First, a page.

updated 06:45 pm EST, Fri December 10, 2010
FCC says 68pc of US Internet below 4Mbps broadband
The FCC in a new study (PDF) published this week revealed that over two thirds of US broadband Internet access doesn't meet its newer broadband standards. About 68 percent of connections measured at the end of 2009 were below the 4Mbps download and 1Mbps upload speeds that qualify for the term. A full 58 percent didn't make 3Mbps downstream, and nearly half at 49 percent couldn't meet at least a 768Kbps upload rate.
Only 30 percent of download speeds could be considered relatively good, at 6Mbps or more, and 12 percent could manage 1.5Mbps uploads or better. The data also revealed that 3G and 4G Internet access was actually the most widespread by type at 39.4 percent, although cable Internet access was almost always the choice for faster access as it made up 70 percent of connections over 3Mbps. ADSL and cable Internet access reached 23.3 percent and 32.4 percent.
Lack of competition also became evident in the study. Although telecom firms have often insisted on the existence of healthy competition, few areas had enough competition at the FCC's new benchmarks. About 58 percent of people had three wired or wireless providers to choose from that could manage at least 3Mbps down and 200Kbps up, but that competition was almost entirely eroded once looking at genuinely fast connections with at least 6Mbps down and 1.5Mbps up. In those conditions, 97 percent of users had only one or two carriers at most to choose from.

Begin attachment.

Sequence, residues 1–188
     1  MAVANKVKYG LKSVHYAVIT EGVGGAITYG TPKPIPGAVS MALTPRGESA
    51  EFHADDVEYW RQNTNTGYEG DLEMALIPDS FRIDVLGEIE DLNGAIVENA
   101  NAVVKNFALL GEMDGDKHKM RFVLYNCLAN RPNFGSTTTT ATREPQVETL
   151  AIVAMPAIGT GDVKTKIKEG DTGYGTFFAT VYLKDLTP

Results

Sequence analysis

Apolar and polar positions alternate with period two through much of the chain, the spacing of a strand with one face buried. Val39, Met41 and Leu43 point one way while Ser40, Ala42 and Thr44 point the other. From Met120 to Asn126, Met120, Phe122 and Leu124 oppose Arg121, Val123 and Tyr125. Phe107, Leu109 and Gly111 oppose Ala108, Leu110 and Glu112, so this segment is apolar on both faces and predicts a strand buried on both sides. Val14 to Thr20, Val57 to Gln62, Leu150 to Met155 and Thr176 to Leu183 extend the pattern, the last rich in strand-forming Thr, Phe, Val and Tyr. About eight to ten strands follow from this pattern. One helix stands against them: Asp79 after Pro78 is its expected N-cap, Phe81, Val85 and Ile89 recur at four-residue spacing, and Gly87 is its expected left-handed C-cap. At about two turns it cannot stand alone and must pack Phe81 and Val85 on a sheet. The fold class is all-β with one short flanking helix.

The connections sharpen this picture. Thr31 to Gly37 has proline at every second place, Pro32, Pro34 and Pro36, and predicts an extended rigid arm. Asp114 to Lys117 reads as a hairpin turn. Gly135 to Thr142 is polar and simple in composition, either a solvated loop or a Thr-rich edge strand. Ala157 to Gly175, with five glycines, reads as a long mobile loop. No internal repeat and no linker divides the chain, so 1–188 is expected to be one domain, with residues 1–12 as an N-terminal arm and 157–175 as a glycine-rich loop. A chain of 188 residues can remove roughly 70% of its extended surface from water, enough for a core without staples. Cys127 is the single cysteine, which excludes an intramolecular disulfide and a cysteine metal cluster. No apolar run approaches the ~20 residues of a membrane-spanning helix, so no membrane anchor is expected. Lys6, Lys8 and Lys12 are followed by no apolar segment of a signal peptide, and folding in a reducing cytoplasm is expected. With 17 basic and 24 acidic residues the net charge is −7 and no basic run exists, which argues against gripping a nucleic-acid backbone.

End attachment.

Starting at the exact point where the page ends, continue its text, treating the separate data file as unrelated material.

The results were lower still when excluding wireless access.
Expansion of faster 3G, 4G and fiber optic services is likely to improve the situation, but the figures at least partly support the National Broadband Plan, which would call for 100 million homes to get 100Mbps or better access by 2020. The discoveries also stress the importance of rural coverage as many of the slowest areas are often rural areas that providers either can't or refuse to service due to the cost of running wires versus the expected return.
Wireless reach may also support FCC arguments that at least some wireless regulation is necessary to prevent duopolies or monopolies as well as to prevent them from excluding competitive services from their networks. Carriers like Verizon have vehemently opposed pro-competition regulation but have also said that 4G could replace landlines in time. [via BBR]